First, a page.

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Burkina: One Old Regime Down, More to Fall?

27-11-2014

The resignation of Burkina Faso's president Blaise Compaoré in October 2014 should not have come as a surprise. The interplay of several political and socioeconomic factors led to his fall. International actors followed the events closely and urged a consensual approach in the transition negotiations. The role of the military has been central to the changes; it should be watched carefully in the coming months. A civilian president, a prime minister hailing from the Presidential Guard, a 26-member ...

The resignation of Burkina Faso's president Blaise Compaoré in October 2014 should not have come as a surprise. The interplay of several political and socioeconomic factors led to his fall. International actors followed the events closely and urged a consensual approach in the transition negotiations. The role of the military has been central to the changes; it should be watched carefully in the coming months. A civilian president, a prime minister hailing from the Presidential Guard, a 26-member government and a 90-member transitional council will steer the country until the elections, scheduled for November 2015. Events in Burkina Faso are followed in other African countries, where long-standing leaders are also likely to try to stay in power. Burkina, one of the world's poorest countries, needs a genuine transition to ensure a more inclusive and resilient future.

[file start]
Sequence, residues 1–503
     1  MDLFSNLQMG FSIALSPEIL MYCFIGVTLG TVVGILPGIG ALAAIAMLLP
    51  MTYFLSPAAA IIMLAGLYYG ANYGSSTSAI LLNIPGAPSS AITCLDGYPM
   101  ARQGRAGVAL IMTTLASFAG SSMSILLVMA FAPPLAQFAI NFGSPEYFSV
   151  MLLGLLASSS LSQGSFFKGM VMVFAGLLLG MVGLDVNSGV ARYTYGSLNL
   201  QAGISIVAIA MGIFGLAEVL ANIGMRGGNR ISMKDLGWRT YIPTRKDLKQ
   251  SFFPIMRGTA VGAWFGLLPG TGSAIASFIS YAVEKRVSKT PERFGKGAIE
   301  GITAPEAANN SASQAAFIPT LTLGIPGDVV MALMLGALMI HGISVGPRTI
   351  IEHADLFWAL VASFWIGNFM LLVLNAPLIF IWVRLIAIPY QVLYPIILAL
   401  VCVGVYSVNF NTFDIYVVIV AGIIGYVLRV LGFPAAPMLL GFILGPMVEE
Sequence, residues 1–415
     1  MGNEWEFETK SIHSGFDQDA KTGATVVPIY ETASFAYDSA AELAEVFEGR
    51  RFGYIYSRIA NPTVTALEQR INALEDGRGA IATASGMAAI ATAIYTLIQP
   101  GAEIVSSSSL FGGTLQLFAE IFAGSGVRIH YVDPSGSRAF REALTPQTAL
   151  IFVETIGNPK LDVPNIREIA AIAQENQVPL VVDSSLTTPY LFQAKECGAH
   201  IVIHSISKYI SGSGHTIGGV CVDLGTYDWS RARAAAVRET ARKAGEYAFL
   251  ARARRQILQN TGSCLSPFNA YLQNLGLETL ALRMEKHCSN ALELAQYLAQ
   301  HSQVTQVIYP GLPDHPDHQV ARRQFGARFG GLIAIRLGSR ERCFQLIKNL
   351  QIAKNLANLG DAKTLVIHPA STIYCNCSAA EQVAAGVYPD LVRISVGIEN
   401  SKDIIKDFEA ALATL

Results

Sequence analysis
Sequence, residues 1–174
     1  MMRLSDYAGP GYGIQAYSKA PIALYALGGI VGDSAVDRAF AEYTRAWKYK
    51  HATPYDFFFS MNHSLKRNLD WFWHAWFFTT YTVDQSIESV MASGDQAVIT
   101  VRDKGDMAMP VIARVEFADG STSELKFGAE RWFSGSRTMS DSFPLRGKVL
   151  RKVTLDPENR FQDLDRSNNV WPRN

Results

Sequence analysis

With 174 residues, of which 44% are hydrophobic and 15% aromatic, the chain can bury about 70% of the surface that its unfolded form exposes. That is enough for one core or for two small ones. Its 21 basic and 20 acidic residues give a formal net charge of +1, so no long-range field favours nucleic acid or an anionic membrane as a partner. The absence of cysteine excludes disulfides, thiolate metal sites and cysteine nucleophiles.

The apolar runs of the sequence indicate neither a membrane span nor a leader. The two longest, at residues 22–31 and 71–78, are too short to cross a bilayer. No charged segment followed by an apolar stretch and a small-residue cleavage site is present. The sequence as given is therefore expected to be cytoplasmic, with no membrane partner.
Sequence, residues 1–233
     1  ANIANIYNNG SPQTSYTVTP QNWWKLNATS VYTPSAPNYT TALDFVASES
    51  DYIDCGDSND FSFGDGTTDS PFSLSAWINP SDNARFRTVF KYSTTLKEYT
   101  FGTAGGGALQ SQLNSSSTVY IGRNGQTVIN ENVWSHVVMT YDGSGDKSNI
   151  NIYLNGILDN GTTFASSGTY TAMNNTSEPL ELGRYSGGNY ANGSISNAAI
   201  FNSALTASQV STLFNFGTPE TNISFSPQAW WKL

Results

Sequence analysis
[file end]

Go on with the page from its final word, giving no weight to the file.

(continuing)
Commitments Made at the Hearing of Christos Stylianides - Commissioner-Designate

14-11-2014

Christos Stylianides, the recently-confirmed European Commissioner for Humanitarian Aid and Crisis Management, appeared before the European Parliament's Committee on Development (DEVE) on 30 September 2014 to answer MEPs' questions. In that hearing and in his answers to the questionnaire prepared for the meeting in advance, Commissioner Stylianides made a number of statements of interest to the European Parliament. This document provides a summary of his most salient points.

Christos Stylianides, the recently-confirmed European Commissioner for Humanitarian Aid and Crisis Management, appeared before the European Parliament's Committee on Development (DEVE) on 30 September 2014 to answer MEPs' questions. In that hearing and in his answers to the questionnaire prepared for the meeting in advance, Commissioner Stylianides made a number of statements of interest to the European Parliament. This document provides a summary of his most salient points.

Commitments Made at the Hearings of the Commissioners-Designate, Juncker Commission (November 2014 - October 2019)

14-11-2014

This compilation of briefings presents the most salient points and essential commitments made by the commissioners-designate during the hearings held in September/October 2014 before the parliamentary committees. These commitments concern the main on-going legislative procedures, the preparation of future legislative proposals as well as the scrutiny of the implementation of existing legislation. They also touch upon the crucial issue of inter-institutional cooperation.

This compilation of briefings presents the most salient points and essential commitments made by the commissioners-designate during the hearings held in September/October 2014 before the parliamentary committees. These commitments concern the main on-going legislative procedures, the preparation of future legislative proposals as well as the scrutiny of the implementation of existing legislation. They also touch upon the crucial issue of inter-institutional cooperation.